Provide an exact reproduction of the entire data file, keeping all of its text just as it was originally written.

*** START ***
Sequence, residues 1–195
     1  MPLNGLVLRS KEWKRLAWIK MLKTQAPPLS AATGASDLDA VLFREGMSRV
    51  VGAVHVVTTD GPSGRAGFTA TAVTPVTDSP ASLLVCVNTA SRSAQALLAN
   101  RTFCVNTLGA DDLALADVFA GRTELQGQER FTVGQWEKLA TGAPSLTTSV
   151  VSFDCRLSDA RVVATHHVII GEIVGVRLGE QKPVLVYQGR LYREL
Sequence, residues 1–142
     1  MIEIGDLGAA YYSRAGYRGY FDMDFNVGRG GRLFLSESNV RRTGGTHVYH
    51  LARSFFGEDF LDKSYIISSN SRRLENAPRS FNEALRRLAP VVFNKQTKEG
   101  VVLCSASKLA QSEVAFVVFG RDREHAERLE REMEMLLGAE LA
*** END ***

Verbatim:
Sequence, residues 1–195
     1  MPLNGLVLRS KEWKRLAWIK MLKTQAPPLS AATGASDLDA VLFREGMSRV
    51  VGAVHVVTTD GPSGRAGFTA TAVTPVTDSP ASLLVCVNTA SRSAQALLAN
   101  RTFCVNTLGA DDLALADVFA GRTELQGQER FTVGQWEKLA TGAPSLTTSV
   151  VSFDCRLSDA RVVATHHVII GEIVGVRLGE QKPVLVYQGR LYREL
Sequence, residues 1–142
     1  MIEIGDLGAA YYSRAGYRGY FDMDFNVGRG GRLFLSESNV RRTGGTHVYH
    51  LARSFFGEDF LDKSYIISSN SRRLENAPRS FNEALRRLAP VVFNKQTKEG
   101  VVLCSASKLA QSEVAFVVFG RDREHAERLE REMEMLLGAE LA